“We know that job packages usually come in response to an industry going under,” Thompson says. 

“If an experienced and skilled workforce face an uncertain outlook and leave the region to find work, it will get much harder to grow.”

But the Hunter region has the potential to provide three times as many jobs, she says.

“We can afford to be far more efficient than just replacing the coal jobs. The capabilities from coal jobs are only giving us a head start. The travesty will be not if we can make it – but how good can we make it? And that depends upon having a plan.” 

A Plan for the Hunter: Frontier of the New Economy” calls for: 

  • uniting government, business, industry and the community towards economic diversification and away from coal, tripling jobs over the next decade and positioning the Hunter as a centre for Net Zero and clean energy
  • targeting investment into renewable transmission and infrastructure, including a hydrogen hub, and a dedicated investment concierge service towards clean energy businesses and jobs
  • a new educational model to boost the workforce
  • bringing the socio-economic levels of the Hunter region up to par with the Sydney metropolitan area
  • The NSW Royalties for Rejuvenations fund to be expanded to cover the effects of the closure of coal fired power generators and royalty-producing mining communities
  • a strategic approach to the adaptive reuse of ex-mining and power station land, infrastructure and supply chains to support high growth industries

It is a portfolio of projects that will deliver more jobs when combined. 

There is $500 million in infrastructure (mostly transportation) to release more than $20 billion in development, 40,000 homes and 28,000 jobs in the Hunter. 

The multi-purpose Deepwater Terminal and upgrades to the Newcastle Airport will bring a combined 14,000 new jobs to the Hunter region – the equivalent currently employed locally in coal mining. 

The Sydney – Newcastle rail corridor and the $40 million Mandalong Road upgrade is set to boost industry, jobs, homes and liveability in the region. 

Thompson says that decarbonisation is “development to improve the living standards of communities.

“This is a centre for regional significance. This is an opportunity to utilise the land, transport and corridors towards a bright future. These resources are a powerful lever for achieving goals.” 

There are concerns around energy prices and reliability

Businesses in the region, as well as government, are concerned that the closures of power stations in the region will impact on energy prices and reliability. 

The NSW Treasurer Matt Kean and the Australian Energy Market Operator say there is enough generation capacity already in development to cover the gap from these closures and avoid cost, security and reliability risks.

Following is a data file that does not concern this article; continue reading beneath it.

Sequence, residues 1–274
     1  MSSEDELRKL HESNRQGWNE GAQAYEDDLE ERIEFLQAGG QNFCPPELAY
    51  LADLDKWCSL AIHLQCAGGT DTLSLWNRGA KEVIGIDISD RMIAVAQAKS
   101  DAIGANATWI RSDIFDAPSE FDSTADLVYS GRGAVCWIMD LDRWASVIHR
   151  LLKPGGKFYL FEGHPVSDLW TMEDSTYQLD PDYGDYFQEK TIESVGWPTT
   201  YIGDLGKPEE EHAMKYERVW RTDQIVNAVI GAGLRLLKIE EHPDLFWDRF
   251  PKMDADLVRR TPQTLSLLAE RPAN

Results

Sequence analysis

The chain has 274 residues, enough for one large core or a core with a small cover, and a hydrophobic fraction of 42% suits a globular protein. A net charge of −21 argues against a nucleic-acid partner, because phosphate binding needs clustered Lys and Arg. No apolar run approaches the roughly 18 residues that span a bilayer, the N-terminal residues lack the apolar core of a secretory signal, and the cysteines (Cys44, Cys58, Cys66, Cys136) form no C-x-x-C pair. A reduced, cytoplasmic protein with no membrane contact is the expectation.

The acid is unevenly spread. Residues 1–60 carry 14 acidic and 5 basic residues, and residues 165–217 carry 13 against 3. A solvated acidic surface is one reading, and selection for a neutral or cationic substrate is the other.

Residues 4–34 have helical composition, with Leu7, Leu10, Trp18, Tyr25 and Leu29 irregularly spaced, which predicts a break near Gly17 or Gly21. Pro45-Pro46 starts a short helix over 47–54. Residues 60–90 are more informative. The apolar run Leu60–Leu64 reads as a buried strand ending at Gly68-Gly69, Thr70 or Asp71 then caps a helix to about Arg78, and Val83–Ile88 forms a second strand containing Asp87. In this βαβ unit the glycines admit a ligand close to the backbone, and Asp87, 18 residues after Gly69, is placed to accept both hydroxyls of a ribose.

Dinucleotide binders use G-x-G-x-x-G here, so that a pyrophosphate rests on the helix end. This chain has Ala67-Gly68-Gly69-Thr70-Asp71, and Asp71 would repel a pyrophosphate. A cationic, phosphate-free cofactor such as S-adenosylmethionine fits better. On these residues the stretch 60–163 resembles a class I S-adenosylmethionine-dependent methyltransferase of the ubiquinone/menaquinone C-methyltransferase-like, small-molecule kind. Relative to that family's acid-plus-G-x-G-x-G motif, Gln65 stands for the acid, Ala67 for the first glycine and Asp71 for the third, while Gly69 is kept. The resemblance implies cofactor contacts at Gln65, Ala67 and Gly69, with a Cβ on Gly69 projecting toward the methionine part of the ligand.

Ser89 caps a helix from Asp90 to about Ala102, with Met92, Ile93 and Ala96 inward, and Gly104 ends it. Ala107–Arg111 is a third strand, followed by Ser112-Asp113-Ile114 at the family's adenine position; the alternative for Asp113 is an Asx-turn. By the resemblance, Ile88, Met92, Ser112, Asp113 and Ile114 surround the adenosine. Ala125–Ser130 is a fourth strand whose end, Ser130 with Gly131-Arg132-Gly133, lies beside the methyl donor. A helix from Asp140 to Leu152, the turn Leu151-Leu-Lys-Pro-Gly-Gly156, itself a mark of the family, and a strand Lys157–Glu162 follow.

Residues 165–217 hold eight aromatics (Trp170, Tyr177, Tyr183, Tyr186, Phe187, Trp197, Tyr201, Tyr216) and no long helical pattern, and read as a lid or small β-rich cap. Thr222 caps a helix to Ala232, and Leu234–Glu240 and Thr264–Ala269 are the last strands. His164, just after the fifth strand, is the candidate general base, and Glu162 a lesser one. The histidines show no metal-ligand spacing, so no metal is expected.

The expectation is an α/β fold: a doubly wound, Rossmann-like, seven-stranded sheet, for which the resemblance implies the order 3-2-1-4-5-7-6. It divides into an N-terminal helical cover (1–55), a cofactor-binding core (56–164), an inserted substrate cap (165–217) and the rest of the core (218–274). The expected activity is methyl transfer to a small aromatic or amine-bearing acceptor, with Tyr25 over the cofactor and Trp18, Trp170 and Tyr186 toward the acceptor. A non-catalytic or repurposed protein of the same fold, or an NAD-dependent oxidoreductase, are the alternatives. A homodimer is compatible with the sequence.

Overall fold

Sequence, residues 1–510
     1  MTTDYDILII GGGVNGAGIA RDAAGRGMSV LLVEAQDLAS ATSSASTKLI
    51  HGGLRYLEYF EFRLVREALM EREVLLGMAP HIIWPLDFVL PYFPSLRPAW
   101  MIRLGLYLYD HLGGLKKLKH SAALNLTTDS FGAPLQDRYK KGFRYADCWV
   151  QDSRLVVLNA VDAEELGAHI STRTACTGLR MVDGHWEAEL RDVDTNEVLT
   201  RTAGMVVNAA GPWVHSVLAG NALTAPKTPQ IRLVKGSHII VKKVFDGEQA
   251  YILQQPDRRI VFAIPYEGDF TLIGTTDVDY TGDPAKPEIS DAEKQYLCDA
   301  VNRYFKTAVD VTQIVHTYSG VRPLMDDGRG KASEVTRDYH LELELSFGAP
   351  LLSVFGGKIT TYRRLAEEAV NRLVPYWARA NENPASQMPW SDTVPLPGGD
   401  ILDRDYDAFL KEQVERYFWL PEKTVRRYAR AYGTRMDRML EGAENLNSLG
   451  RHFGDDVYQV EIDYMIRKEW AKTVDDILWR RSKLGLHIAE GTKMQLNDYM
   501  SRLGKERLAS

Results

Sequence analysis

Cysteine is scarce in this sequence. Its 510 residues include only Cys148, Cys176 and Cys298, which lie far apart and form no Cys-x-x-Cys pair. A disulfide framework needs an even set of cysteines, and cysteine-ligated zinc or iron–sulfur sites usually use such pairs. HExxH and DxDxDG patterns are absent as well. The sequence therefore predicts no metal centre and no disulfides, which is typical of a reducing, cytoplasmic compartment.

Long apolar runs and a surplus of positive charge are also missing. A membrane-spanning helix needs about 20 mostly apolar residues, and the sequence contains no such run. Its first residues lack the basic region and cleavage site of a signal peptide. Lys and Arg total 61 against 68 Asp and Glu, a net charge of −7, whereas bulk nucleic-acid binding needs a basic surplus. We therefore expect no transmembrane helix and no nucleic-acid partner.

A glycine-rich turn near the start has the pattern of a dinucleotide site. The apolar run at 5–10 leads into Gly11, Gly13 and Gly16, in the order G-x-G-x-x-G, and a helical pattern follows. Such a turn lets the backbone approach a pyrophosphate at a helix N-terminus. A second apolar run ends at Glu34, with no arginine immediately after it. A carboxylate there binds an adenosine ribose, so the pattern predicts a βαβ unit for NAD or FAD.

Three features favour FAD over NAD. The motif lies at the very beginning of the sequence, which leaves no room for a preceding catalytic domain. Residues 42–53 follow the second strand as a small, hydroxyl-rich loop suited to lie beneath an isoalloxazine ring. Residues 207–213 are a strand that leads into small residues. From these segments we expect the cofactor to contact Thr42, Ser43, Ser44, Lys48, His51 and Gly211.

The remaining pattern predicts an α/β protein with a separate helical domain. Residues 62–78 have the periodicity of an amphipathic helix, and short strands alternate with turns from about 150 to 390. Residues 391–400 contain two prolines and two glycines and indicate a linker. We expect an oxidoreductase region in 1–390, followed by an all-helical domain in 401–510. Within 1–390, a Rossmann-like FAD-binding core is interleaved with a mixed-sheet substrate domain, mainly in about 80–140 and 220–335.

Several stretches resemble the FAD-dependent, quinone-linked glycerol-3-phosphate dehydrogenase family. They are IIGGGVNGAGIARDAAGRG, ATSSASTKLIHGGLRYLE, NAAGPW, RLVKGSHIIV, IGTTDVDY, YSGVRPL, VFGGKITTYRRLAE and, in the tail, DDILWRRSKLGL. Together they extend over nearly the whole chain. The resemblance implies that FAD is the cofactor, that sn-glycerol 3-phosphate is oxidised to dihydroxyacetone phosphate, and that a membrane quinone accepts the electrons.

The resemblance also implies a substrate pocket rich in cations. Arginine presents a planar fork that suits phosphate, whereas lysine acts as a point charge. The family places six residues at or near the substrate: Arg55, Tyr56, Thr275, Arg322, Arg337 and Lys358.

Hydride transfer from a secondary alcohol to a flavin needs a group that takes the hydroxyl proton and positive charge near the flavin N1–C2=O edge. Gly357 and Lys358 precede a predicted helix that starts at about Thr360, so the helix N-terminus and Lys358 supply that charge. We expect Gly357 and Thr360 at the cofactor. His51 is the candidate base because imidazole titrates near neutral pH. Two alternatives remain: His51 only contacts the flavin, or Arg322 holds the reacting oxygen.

Dr Kerry Schott, former Energy Security Board chair and in December appointed chair  NSW Net Zero Emissions and Clean Economy Board has advised that Eraring’s closure could be managed without causing price spikes and the only immediate upward pressure would be the cost of transmission lines needed to connect new renewables to the grid. 

Kean has also announced battery building plans and commitment to transmission infrastructure under the Hunter-Central Coast Renewable Energy Zone (REZ).

“This requires a collaborative approach across the private sector, owners, government, and councils, to coordinate for far better outcomes for the region and for the NSW economy,” Thompson said.

Commercial interest in response to the Hunter-Central Coast Renewable Energy Zone (REZ) has already emerged, representing almost 40 gigawatts and more than $100 billion of potential investment, showing that the Hunter and Central Coast will continue to be an energy powerhouse in the future. 

It includes: 24 solar energy projects, 13 onshore and seven offshore wind energy projects, 35 large-scale batteries and eight pumped hydro projects.

“These results show that energy investors see the Hunter and Central Coast as some of the best investment destinations anywhere in the country, which will translate into jobs and prosperity for the region,” the Treasurer said. 

“Renewable Energy Zones are vital to ensuring the future reliability and affordability of electricity in NSW as traditional coal fired power stations close down over the coming decades.”

Thompson says that it’s critical for the Hunter to act fast. 

“We must recognise that this is an opportunity. We need to push as hard and fast as possible, to provide an outlook for coal providers and communities.”

“Keep your eyes on the Hunter.”